What was life really like in the late 60s?

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MaxE
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17 Jan 2024, 6:12 am

Fnord wrote:
Eyeselation wrote:
Here’s an expression from the 60’s you don’t hear much anymore. At least not in the context it was first meant. “Love it or Leave it” favorite saying of white supremacists.
Actually . . .

The phrase "America; Love It or Leave It" was directed at those who protested against the Vietnam war, the Draft, the Military-Industrial Complex, the Establishment, Police Brutality, Segregation by Race, and laws prohibiting the free use of illegal drugs.  These protesters were labeled as hating America by Conservatives and Traditionalists.  Thus they were being told to either change their attitudes or get the hell out of the country.

It was not just about race, but a host of other issues plaguing America.

When you think about it though, when white men faced the possibility of being drafted to die in Vietnam, protest was "fashionable" and the concerns of black activists took a back seat. Once the threat of the draft went away, very few whites were politically active. Blacks were on their own, many marginalized by the press as dangerous "militants".

Sorry to learn of white privilege raising its ugly head on WP.


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ASPartOfMe
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17 Jan 2024, 8:00 am

MaxE wrote:
Fnord wrote:
Eyeselation wrote:
Here’s an expression from the 60’s you don’t hear much anymore. At least not in the context it was first meant. “Love it or Leave it” favorite saying of white supremacists.
Actually . . .

The phrase "America; Love It or Leave It" was directed at those who protested against the Vietnam war, the Draft, the Military-Industrial Complex, the Establishment, Police Brutality, Segregation by Race, and laws prohibiting the free use of illegal drugs.  These protesters were labeled as hating America by Conservatives and Traditionalists.  Thus they were being told to either change their attitudes or get the hell out of the country.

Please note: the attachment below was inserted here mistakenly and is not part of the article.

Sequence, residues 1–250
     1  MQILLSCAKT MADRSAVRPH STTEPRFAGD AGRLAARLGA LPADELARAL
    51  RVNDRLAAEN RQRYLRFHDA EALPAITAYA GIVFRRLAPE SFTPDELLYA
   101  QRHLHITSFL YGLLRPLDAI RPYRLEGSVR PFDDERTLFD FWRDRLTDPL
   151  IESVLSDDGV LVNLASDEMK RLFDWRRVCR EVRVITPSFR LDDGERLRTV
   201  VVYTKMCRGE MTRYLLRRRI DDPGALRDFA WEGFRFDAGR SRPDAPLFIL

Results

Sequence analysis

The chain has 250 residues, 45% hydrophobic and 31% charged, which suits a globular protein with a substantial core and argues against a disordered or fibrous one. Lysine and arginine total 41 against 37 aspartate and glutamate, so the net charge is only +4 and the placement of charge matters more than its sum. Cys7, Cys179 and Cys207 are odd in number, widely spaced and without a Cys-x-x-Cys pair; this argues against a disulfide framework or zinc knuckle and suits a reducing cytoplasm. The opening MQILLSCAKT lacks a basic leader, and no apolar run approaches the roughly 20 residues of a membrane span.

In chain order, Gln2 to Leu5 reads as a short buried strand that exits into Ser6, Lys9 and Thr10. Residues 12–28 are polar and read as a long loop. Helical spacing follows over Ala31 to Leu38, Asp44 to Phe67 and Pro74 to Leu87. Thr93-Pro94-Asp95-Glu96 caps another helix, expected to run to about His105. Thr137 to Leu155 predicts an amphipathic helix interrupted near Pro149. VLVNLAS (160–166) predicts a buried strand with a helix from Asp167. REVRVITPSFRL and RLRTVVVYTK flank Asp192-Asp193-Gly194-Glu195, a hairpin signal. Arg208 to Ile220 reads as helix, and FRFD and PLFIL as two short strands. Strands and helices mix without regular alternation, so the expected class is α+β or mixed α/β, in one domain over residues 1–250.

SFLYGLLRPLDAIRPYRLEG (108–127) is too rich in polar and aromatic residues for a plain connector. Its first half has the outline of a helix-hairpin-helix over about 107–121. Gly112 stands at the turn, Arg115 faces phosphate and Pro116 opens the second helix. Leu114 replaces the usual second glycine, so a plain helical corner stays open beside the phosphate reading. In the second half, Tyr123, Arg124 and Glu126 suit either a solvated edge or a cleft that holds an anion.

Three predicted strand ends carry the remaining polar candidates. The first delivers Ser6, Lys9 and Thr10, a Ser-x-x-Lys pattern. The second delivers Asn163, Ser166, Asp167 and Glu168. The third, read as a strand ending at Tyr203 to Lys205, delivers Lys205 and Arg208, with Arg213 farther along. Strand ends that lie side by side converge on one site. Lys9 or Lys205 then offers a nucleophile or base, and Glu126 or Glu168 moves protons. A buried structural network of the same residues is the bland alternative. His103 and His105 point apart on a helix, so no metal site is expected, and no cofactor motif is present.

It was not just about race, but a host of other issues plaguing America.

When you think about it though, when white men faced the possibility of being drafted to die in Vietnam, protest was "fashionable" and the concerns of black activists took a back seat. Once the threat of the draft went away, very few whites were politically active. Blacks were on their own, many marginalized by the press as dangerous "militants".

Sorry to learn of white privilege raising its ugly head on WP.

How does “It was not just about race” translate into race was a non or even a minimal factor?. It was as more about class then race. Working class white people resenting white privileged college students and hippies. Conservative war supporters were more likely to be racist, no denying that.



I grew up in a neighborhood where those “hard hats” as well as firemen and cops lived. I clearly remember seeing that riot on the TV news that night as well as people saying “a good hippie is a dead hippie”.


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auntblabby
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18 Jan 2024, 2:44 pm

i just remember sitting in the back seat of the family's rambler ambassador station wagon and seeing my dad incensed at the sight of some hippies walking on the side of the road in spanaway park, and he rolled down his window and yelled "GET A HAIRCUT YOU GODDAMNED HIPPIES!!" and my mom and sister dropping down in their seats out of sheer embarrassment. :oops: i remember hearing a news blurb on the radio circa 1965 or so, about long-haired berkeley students smoking pot, and in my little 4 year old brain pictured long-haired people with pot handles hanging out of their mouths. i remember watching a monochrome image on tv, circa 1965, of petula clark singing her big hit "downtown." i remember the cars and their sauerkraut/lead-smelling un-controlled exhausts, big trucks belching black smoke competing with the ubiquitous smokestack industries downtown in tacoma (hence the term "the aroma of tacoma"), i remember seeing a purple mid-60s corvette parked outside a 7-11 store, the speedo seemed to have a ridiculous 160 miles per hour maximum marking on it. i remember my dad painting his 1953 GMC pickup barney-purple as that was the cheapest automotive paint available to him, and it was quite a sight on the roads even with the bright-colored detroit iron ubiquitous in those days. i remember the tv show "laugh-in" and how people talked about it the next morning in school, that is those people whose parents let them watch it as it was considered risque then. i remember people everywhere smoking cigarettes and the ever-present foul burnt smell all over the place, and nasty ashy ashtrays everywhere.